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Title: Beyond father absence : an investigation into black fathering and child outcomes in Britain
Author: Guishard, Jeune Alyson
ISNI:       0000 0001 3522 0810
Awarding Body: University of London
Current Institution: University College London (University of London)
Date of Award: 2002
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While there is an enormous range of psychological and social research into fathering, and some considerable attention paid to the possible influences upon child development of father absence, there is a paucity of research on many aspects of black fathering. Chapter 1 reviews this literature before specifying the particular aims of this dissertation which is devoted to addressing this imbalance, by collecting fathering and child development information from a number of multi-racial British samples. Chapter 2 presents an overview of the epistemological considerations. The core chapters of the thesis report on four empirical studies involving distinct samples. Chapter 3 reports on the first pilot study that aimed to ratify the procedure and materials for obtaining information from teachers and children on family functioning in father-resident and father-non-resident families. This first study revealed that participants who reported a closer relationship with their fathers (whether resident or not) achieved higher scores on the measure for intellectual skills. At the same time, there was some evidence according to child reports that non-resident fathers were less involved in their children's lives. This first Pilot Study suggested possible moderating influences upon the potentially harmful effect on children of having a non-resident father. Namely, the role of the extended family is explored. Subsequent Studies reported in this thesis further explore these same issues in relation to children's self-esteem, intellectual, emotional and social development (Chapter 4) and, in a second Pilot Study (Pilot Study Two), fathers' reports of the activities that (mainly black) resident and non-resident fathers engage in support of their children (Chapter 5). Finally, Chapter 6 returns to children's reports of parenting activities that their fathers engage in, their reported relationships with their parents, and the influence of this on their psychological development and academic achievement. The concluding chapters summarise the findings, drawing special attention to the need for further research on fathering, race and ethnicity from the child's perspective. The current series of Studies suggest that children's own experiences of parenting in conjunction with careful attention to race and ethnicity and the incidence and meaning of non-resident fathering, are likely and important influences upon diverse aspects of child development.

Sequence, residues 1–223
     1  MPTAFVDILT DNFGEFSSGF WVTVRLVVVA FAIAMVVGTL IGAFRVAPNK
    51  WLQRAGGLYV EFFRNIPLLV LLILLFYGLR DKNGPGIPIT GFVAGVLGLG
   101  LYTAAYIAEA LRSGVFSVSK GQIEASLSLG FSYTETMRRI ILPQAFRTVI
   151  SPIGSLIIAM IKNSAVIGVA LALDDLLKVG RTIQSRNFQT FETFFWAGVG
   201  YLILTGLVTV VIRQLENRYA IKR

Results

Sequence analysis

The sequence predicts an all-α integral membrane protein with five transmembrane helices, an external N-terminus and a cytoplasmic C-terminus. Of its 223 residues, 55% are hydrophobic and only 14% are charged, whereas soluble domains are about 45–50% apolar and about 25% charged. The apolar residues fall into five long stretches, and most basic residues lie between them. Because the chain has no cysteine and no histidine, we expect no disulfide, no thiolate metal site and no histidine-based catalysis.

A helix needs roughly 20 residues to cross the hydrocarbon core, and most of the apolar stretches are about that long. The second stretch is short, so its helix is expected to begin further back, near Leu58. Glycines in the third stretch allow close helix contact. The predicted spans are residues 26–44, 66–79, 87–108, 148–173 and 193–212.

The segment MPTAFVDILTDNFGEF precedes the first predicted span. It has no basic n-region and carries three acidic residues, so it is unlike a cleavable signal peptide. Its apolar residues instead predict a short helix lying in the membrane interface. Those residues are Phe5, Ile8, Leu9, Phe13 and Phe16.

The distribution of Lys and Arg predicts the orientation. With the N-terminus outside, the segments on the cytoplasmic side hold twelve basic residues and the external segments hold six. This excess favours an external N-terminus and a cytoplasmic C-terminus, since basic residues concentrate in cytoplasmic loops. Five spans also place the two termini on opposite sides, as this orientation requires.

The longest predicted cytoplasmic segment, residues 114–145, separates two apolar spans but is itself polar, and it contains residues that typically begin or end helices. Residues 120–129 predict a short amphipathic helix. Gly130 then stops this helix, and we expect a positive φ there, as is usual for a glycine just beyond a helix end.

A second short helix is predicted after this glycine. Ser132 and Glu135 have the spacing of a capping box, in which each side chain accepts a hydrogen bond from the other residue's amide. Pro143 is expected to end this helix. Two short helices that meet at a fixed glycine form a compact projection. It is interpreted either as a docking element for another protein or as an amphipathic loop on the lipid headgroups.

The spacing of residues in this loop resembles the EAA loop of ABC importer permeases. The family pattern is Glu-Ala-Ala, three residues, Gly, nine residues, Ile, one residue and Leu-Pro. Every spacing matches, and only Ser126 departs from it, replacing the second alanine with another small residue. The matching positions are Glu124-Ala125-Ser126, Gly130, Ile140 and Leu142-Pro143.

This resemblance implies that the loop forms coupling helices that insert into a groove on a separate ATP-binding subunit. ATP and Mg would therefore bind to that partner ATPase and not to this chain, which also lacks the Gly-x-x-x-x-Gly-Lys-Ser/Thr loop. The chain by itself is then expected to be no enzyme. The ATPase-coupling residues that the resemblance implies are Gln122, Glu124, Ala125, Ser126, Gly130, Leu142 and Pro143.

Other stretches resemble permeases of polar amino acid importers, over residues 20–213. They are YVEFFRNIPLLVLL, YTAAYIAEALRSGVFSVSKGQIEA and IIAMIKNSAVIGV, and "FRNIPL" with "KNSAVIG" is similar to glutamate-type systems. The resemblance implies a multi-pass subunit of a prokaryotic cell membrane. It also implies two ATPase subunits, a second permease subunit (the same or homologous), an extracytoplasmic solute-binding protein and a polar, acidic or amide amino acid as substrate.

Supervisor: Not available Sponsor: Not available
Qualification Name: Thesis (Ph.D.) Qualification Level: Doctoral
EThOS ID:  DOI: Not available